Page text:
Service sector flatlines in October

CIPS 5 November 2019

Cost pressures at UK service providers continued to build in October, linked by survey respondents to wages and salaries, fuel, energy, foodstuffs and imported items.


- Business Activity Index posts at 50.0 no-change mark

- New business falls for second month running

- Expectations pick up slightly but remain subdued

The UK service sector registered no change in output in October compared with one month previously, according to the latest IHS Markit / CIPS PMI® survey data. Although this represented a slight improvement on September's contraction, business levels were supported by existing contracts as the volume of new work declined further. This led to more job losses in the sector, albeit at a slower rate. The outlook improved slightly as a number of firms expected Brexit to be resolved early next year, reducing uncertainty, but overall sentiment remained historically weak.

The seasonally adjusted IHS Markit/CIPS UK Services PMI® Business Activity Index ticked up to 50.0 in October, from September's 49.5, signalling no change in service sector output. The latest figure was among the lowest registered in the past ten-and-a-half years, and below each of the trend levels for the first, second and third quarters of 2019 (50.1, 50.5 and 50.5 respectively).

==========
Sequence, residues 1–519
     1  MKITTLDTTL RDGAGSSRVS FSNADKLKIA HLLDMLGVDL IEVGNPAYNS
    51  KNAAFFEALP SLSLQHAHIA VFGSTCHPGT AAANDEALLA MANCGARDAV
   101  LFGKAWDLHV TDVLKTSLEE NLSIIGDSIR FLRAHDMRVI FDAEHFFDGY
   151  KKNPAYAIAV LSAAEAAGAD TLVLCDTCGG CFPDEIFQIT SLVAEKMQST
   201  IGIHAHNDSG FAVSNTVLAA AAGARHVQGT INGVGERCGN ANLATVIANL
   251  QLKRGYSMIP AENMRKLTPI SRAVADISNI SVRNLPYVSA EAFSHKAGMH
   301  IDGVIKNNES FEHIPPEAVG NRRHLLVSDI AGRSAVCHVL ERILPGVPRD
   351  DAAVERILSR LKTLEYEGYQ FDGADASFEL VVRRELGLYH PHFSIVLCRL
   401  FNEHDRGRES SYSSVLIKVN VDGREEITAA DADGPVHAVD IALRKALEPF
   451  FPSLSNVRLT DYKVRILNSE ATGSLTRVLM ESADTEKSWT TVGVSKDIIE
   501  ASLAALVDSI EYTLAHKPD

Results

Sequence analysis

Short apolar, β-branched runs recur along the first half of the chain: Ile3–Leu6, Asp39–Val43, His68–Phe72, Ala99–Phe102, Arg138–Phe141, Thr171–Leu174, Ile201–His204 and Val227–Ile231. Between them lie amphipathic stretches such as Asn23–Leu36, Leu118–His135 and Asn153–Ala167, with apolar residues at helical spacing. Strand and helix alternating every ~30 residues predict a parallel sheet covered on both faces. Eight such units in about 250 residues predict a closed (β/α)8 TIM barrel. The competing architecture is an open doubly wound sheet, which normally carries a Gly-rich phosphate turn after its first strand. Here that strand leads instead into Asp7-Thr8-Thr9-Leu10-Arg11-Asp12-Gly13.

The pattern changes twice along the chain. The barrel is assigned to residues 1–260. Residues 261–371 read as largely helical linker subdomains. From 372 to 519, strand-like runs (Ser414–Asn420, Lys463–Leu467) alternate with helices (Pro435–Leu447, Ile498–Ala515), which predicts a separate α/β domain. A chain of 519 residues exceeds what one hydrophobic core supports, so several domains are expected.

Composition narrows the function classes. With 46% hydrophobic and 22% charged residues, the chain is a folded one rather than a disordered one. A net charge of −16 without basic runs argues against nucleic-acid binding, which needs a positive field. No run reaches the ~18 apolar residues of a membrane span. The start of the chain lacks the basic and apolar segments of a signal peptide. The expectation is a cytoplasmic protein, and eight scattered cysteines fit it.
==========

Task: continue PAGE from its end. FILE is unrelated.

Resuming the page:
Service providers reported lower intakes of new business for the second month running in October. New work has now declined seven times in the first ten months of 2019. The rate of contraction in the latest period was the fastest since April, but modest overall. Companies continued to link lower new work to uncertainty surrounding Brexit.

Uncertainty around Brexit also undermined international demand for UK-based services. New export business fell at a rate unchanged from September's near-record pace.

With demand falling further, companies continued to work on existing contracts. The level of outstanding business declined for the thirteenth consecutive month, and at one of the fastest rates in this sequence.

Fewer incoming new contracts and sharply falling backlogs led to another reduction in workforce numbers in October, the fifth in 2019 so far. While firms mostly linked lower headcounts to the non-replacement of voluntary leavers, some compulsory redundancies were also reported. The overall rate of job shedding eased since September, however.